If there is anything that we as humans are fascinated by, it is space, and for good reason. Space represents the great unknowns in our universe as well as the heights that we as humans are yet to reach. It is no wonder then that so much of our media is dedicated to stories about space and what it might hold.
We have also spent much of the last few decades exploring whatever part of space we can, from the great space race of the 1960s to the new wave of space exploration we see today. Both periods have one thing in common, which is that they were backed by the wealthy, whether that is wealthy countries or billionaires.
Everyday people, on the other hand, have little say in space exploration and have mostly watched from the sidelines. Now, it seems that this is going to change thanks to the same technology that democratized the finance industry in the last decade; blockchain.
Welcome to Helios
This new era of space exploration will be led by blockchain projects, one of which is Helios, a decentralized space exploration community. Helios’ goal is to make sure that space exploration isn’t concentrated in the hands of a few wealthy people.
As Alfonso, an executive at Helios puts it, “Space exploration, and all the benefits that come from it, should not be concentrated in the hands of a few uber-wealthy robber barons. We created Mission Helios precisely to help ensure that anyone in the world can access data and participate in future space exploration projects.”
With this in mind, the project has officially launched its whitepaper on its website. This whitepaper lays out the plans for high definition cameras that will capture satellite imagery and then upload all these to a blockchain.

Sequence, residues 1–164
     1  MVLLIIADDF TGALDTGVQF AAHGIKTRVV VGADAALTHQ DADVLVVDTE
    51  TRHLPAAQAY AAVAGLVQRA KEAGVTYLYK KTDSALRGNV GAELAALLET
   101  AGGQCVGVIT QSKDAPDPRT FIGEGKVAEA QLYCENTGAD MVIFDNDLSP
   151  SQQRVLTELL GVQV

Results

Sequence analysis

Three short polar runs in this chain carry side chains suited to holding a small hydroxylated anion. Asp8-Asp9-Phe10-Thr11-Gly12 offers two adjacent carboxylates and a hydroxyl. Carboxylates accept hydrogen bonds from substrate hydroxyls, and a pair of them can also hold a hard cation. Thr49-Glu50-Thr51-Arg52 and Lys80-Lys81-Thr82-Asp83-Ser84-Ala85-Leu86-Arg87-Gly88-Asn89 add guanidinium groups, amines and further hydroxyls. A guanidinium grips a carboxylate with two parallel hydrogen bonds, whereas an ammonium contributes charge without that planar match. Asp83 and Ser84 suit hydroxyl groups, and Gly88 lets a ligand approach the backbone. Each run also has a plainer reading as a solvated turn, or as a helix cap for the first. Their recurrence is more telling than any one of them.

This comes just after Helios announced its partnership with Sidus Space which will launch the LizzieSat-1 from the International Space Station. Once in orbit, the Helios imagery system will be deployed and will begin uploading to the blockchain.
The images that are collected will serve multiple purposes. First, some of the Earth images will be minted into NFTs that can then be sold for money. The data that is collected from the satellite will be put on a public blockchain that will then be used to further space research and exploration for the benefit of mankind.
The initial collection of satellite data and imagery is called ‘Terra’ and will include all the relevant information about each mission, including geographical data. Those who buy into the two existing collections, Pixel Rockets and Capsules, will own a part of a Terra NFT.
The long-term goal of this project is to democratize space exploration and push humanity further in a more inclusive way.
“We believe this is a truly historical moment in the story of human space exploration,” said Christian, an executive at Helios “For the first time, anyone in the world will be able to have fully underacted access to and ownership of satellite images on the blockchain. More importantly, though, they are paving the way for more democratized space exploration.”
More announcements will be made by the company as the project progresses.